Magic flared from the ceiling. Three hulking, humanoid creatures of stone dropped down into heavy, marble-bashing crouches. Chammady and Eccaridian screamed. Chammady ran downstairs while Eccaridian ran up.

Chard roared, sword drawn, and charged at the nearest earth elemental. Tarvi flung her hand up another. A lance of ice speared straight up through the body of second. Mathal launched herself at the third, claws tearing out stones. Gorvio stared up at the ceiling as though frozen.

“Get the invisible caster!”

His eyes dropped down at Mathal. They had glazed over like a dead body’s. He held up his palm.


A tunnel of wind burst out at Mathal. She flew off the earth elemental and fell into a skidding crouch. Mathal cursed. Gorvio’s mind had been dominated like those mist punk vampires had tried to do to her.


A second lance of ice impaled her earth elemental.

“Protect the kids--I’ll deal with Gorvio.”

Chard ran up the stairs and Tarvi ran down. Gorvio’s palm remained facing Mathal.


Blue-green lightning slammed into her chest. Mathal screamed a scream she couldn’t hear and hexed herself. The pain pounding in every muscle and fiber of nerve didn’t lessen, but her stitching sinew repaired the damaged tissue.

A second bolt struck. Mathal’s knees collapsed under her. She dropped to the floor and staggered to all fours.

A third. She hexed the ground under her. As the bolt pierced the skin, she grabbed into the quagmire. The charge flowed out into the semi-solid.

A fourth. She roared in pain but spread the quagmire out under Gorvio’s feet. The charge followed.

Gorvio’s mouth opened in scream. He fell back into the quagmire but pushed back up onto his hands and knees. He raised one arm out at her.

“Don’t do it.”


The fifth bolt struck her below the collarbone. She screamed. It passed through her into the swamp and up into Gorvio. He screamed and called a sixth bolt.

His body wracked with the massive charge. His eyes rolled to the back of his head. He dropped face-first into the quagmire.

Mathal groaned. A bone-deep ache had set into her entire skeleton. But she couldn’t drop like Gorvio. She ended the hex on the ground. Mathal pushed up to her feet and staggered down the staircase into a damp, moldy brick basement.

Chammady cowered in the corner with Tarvi in front of her, both arms out and straining. A flurry of razor-sharp shards of ice blasted from her hands. It barely held back the searing rays of flame shooting from the hands of a flying figure masked in black.

Mathal’s muscles tensed and coiled to spring at them. Their nails caught her eye--black with a shining detail of constellations.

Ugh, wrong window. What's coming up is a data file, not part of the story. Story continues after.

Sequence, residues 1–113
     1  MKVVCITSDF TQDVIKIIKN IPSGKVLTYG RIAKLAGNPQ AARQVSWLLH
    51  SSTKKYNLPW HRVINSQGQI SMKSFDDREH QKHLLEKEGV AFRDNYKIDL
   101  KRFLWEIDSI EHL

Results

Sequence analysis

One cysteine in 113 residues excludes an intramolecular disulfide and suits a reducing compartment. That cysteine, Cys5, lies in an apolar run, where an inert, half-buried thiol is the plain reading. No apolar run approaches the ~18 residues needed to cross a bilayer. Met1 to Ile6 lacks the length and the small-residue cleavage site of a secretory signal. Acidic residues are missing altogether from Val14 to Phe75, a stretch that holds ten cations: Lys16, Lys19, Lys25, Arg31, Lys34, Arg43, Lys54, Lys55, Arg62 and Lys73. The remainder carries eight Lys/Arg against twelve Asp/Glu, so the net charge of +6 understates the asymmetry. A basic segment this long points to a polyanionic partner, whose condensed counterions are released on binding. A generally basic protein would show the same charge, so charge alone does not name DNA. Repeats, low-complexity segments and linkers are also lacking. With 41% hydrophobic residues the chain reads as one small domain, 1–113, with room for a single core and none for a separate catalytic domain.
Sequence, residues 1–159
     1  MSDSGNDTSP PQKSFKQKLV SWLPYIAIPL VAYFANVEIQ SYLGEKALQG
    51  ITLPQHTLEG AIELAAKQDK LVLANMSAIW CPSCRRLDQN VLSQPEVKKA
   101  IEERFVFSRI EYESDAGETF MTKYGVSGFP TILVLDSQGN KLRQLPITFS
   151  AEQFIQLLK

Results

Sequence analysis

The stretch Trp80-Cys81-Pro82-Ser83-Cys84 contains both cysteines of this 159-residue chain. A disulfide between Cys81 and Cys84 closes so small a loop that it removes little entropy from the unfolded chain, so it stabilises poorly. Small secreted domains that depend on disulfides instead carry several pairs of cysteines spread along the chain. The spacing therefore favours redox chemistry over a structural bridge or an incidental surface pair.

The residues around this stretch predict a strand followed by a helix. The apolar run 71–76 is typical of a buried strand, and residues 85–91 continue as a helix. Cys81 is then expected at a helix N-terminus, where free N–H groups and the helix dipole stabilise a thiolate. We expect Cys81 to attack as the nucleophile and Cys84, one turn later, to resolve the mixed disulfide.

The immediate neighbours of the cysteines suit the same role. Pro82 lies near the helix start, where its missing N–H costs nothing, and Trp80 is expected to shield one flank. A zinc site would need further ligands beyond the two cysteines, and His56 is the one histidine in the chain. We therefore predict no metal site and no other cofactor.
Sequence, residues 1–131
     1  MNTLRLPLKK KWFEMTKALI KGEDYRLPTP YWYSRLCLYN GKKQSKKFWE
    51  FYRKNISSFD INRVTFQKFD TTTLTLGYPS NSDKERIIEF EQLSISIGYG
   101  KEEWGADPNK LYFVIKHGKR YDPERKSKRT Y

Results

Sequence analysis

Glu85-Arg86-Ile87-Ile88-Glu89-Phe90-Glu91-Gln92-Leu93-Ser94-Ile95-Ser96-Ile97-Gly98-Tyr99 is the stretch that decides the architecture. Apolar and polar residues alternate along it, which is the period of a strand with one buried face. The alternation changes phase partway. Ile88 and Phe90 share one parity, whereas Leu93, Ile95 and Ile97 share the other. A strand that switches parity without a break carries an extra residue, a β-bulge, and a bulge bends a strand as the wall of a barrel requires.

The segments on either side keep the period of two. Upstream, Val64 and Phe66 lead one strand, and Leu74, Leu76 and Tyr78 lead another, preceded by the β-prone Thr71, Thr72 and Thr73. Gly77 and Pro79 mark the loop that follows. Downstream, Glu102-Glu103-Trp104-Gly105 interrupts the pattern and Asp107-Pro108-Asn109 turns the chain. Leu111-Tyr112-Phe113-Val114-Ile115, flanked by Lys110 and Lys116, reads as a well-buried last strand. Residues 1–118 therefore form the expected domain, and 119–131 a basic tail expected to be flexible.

Mathal couldn’t hear her own call, but the figure did. Their mask snapped toward her. The gouts of flame vanished with their shifted thought.

Tarvi’s ice slammed into them. The figure hit the bricks just under the ceiling and toppled down.

Mathal sprang and caught their limp, red-leaking body. She pulled out her wand.

Tarvi ran up the stairs to check on Eccaridian and Chard. Chammady slumped against her corner. She slid down shakily.

Three charges later, the figure stirred. They pried the mask off their face. Amaya.

“Hey babe.”

Amaya’s voice was too low to pierce the ringing in her ears, but Mathal recognized the familiar shapes of her mouth.

“What’s chillin, my villain?”

Amaya threw her arms around Mathal’s neck. Her sobs went unheard straight into Mathal’s shoulder.

Mathal carried Amaya back up to the parlor with Chammady on her heels. Tarvi, Chard, and Eccaridian had come downstairs as well. Someone had laid Gorvio out on the sofa.

Mathal sighed. She set her other best friend down and squatted by Gorvio with the wand. He didn’t wake, but he breathed easier after another three charges.

The others gathered on soft, plush chairs around a shining, redwood coffee table. Tarvi explained the situation to Chammady and Eccaridian. Mathal joined them, sitting on the arm of Amaya’s chair. Amaya rolled her eyes and pulled Mathal into her lap.

“I’m seeing a holes in this plot,” said Eccaridian.

“Not the most significant, but I don’t think we could both be lord-mayor,” said Chammady.

“No, you can,” said Mathal.

She explained the devil’s lord-mayor aptitude test in Aberian Folly’s magic vault. The devil had accepted both her and Gorvio.

“So it’s...precedented. That’s probably our best option, then.”

“We’ll have to be at City Hall at dawn.”

Everyone agreed to escort them as close to the time as possible to keep from having to find a place outside City Hall to wait--they’d likely be discovered. There was no guarantee beyond Fiosa’s logic (hope?) that getting the two elected would prevent or halt the all-out war between Drovenge and Oberigo, but they were out of time to deal with the Houses. They fell into somber silence.

Gorvio jolted up to sitting. Everybody jumped.


“Don’t do that,” said Amaya, waving her hand.

Gorvio’s eyes cleared. He lowered his palm, massaging his forearm, his neck, his temples.


“Sorry about that.”

“What’d I miss?”

“Nothing much,” said Chard, getting up to stretch. “I know you were just out, but you should get some rest. All of you. Go time in three hours. Go take a nap.”

Mathal and Amaya mock-saluted.

“Aye-aye, cap’n.”

They looked at each other and burst into a cackling fit. Aching nerves aside, this was going to be fun.